Confucius, the great Chinese teacher and philosopher, once stated, “I hear and I forget. I see and I remember. I do and I understand.”
This quote has been on my mind throughout the year and as we approach the midway point of the school year. As one of the 8th Grade U.S. History teachers, I feel as though our class in particular lends itself to students experiencing what they are learning.
Betsy Allen and I are constantly trying to find ways to transform our students into colonists, Revolutionary War soldiers, and founding fathers. Whether it was our taxation activity, which almost sparked an in-class rebellion, or a Revolutionary War edition of “capture the flag,” these lessons have been long-lasting and meaningful, as students develop empathy for those who lived before them. This approach has not only improved our students’ understanding of how our ancestors lived, but forces them to work through issues and solve problems with one another, a skill that will surely benefit them in their future.
Equally exciting as our emphasis on experiential learning is the fact that some of the best ideas about teaching history have come from my students. It is so refreshing to work at a school like Randolph where students are eager to invest themselves in their learning experience.
Thanks to our students and the School’s culture of learning, every now and then, we have aha moments where a light bulb goes off and a new idea is born. Let me describe one to you.
Two weeks ago, in midst of a discussion with my A-block history class about how our government turns bills into laws, one student used an analogy of changing rules at Randolph with the approval of Mrs. Robb. The idea was born.
This student was creating an understanding of the legislative process through a personal example. I immediately thought, why not create the legislative process at Randolph? Thus the “Randolph Hill” project, a play on words for Washington D.C.’s Capitol Hill, was born.
Over the course of the next few weeks and months, 8th grade students, along with teachers and administrators, will be involved in the “Randolph Hill” project, with every 8th grader representing a member of congress. There are 92 students in the 8th grade: 74 of them are members of the House of Representatives and 18 of them are members of the Senate. While the numbers do not match up to our national government, the proportion of members of the House to the Senate is exactly the same. Within the legislative branch, the 8th graders selected a Speaker of the House (Lau’rent Honeycutt) to lead the House of Representatives, and a President Pro Tempore (Spencer Laue) to lead the Senate.
Every congressperson has constituents: citizens they represent in our national government. Each 8th grader has his or her own constituents, 5th through 7th grade students and teachers. Students and teachers who are not part of the project can bring ideas to their representatives in Congress. What makes this project unique is that it directly involves the entire Middle School, students and faculty.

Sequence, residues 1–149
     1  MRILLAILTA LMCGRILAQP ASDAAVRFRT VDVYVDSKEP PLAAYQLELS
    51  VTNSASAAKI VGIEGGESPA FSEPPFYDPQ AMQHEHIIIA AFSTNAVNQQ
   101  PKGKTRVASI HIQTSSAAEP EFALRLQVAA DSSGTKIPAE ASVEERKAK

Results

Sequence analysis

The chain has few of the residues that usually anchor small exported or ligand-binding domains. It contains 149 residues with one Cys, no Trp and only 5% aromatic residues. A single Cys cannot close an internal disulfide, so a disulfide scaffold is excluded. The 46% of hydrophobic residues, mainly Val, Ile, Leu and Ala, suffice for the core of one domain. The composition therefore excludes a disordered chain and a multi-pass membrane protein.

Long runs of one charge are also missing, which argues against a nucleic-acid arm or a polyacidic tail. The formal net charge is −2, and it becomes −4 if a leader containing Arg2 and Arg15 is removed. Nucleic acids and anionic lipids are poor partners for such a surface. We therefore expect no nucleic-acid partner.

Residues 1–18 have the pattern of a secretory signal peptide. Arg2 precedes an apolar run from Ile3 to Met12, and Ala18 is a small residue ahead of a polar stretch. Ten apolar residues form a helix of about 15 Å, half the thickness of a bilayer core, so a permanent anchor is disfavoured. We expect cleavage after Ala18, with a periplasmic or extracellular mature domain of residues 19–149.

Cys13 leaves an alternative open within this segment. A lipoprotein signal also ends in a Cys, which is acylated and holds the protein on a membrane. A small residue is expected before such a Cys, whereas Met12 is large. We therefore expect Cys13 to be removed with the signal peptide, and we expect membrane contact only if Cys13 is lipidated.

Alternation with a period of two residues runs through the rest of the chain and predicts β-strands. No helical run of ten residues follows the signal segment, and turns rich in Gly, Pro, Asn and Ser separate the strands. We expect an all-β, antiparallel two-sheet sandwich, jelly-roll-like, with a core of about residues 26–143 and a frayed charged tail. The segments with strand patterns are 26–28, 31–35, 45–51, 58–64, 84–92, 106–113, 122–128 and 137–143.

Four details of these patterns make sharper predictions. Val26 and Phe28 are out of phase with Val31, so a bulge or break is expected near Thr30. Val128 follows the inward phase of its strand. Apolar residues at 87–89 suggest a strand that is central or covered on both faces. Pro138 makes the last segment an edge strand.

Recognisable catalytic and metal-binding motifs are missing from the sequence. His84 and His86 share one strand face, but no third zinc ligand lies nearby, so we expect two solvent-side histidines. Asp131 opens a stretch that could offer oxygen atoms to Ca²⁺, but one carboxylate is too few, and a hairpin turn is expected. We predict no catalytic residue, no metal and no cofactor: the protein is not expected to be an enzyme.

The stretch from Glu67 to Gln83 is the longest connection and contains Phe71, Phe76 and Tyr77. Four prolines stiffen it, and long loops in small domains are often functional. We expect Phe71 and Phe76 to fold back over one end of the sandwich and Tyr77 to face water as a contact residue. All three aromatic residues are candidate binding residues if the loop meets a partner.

The goal for the 8th graders is to try and pass legislation through the legislative and executive branches to make it law. The executive branch is led by President Robb, with yours truly serving as Vice President. The judicial branch is represented by nine teachers (justices) who may be called into action if a law is deemed unconstitutional. There will also be a press secretary and journalists involved, covering all the action on Randolph Hill. (Be on the lookout for updates on the Randolph website, as well as on Twitter, Facebook, and Instagram and the tag #randolphhill.)
Since introducing the project last week, the 7-8 grade hallway conversation has shifted from the Iron Bowl and Justin Bieber to the process of enacting new laws at Randolph. I am constantly overhearing students say “The President won’t support that bill,” or “We need to get more people on board to try and pass this law.” We have just started the “Randolph Hill” project, and we are already seeing the benefits.
As I was writing this article, an 8th grade congressman came into my office to discuss the pros and cons of changing some study hall “laws.” He felt as though the current structure of study hall did not benefit all students. This discussion sparked my question: “Well what are you going to do about it?” He proceeded to tell me that he would need to get fellow representatives with different perspectives on board, and also put serious thought into what President Robb’s views on this would be. He ended the conversation by saying, “The bill will need to appeal to a number of people.” Sharp insight from a fourteen-year-old.
Mrs. Allen and I have high hopes for the project, one that does not have a start or end date. It will be ongoing. We are ready, willing and able to let the students take off with the project. This is one of the great benefits of teaching at a school like Randolph. Here, we have the flexibility to let our students create and own their learning, to “do” it as opposed to simply “hear” it. We don’t need to fret about losing time to cover content when our kids are unearthing a deeper understanding of how our government works firsthand.
Every year at this time we introduce the essential question in our Government unit: “Are compromises necessary for a successful and open government?” In launching the inaugural Randolph Hill project this year, I have a feeling that this question will take on a new meaning for all of our students.